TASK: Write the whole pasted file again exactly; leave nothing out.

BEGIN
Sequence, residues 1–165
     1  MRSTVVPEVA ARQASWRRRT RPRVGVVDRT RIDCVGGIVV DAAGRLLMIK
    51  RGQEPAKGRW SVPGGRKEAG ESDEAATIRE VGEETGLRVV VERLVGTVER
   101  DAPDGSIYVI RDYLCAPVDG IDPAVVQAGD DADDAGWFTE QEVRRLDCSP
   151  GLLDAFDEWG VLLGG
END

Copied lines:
Sequence, residues 1–165
     1  MRSTVVPEVA ARQASWRRRT RPRVGVVDRT RIDCVGGIVV DAAGRLLMIK
    51  RGQEPAKGRW SVPGGRKEAG ESDEAATIRE VGEETGLRVV VERLVGTVER
   101  DAPDGSIYVI RDYLCAPVDG IDPAVVQAGD DADDAGWFTE QEVRRLDCSP
   151  GLLDAFDEWG VLLGG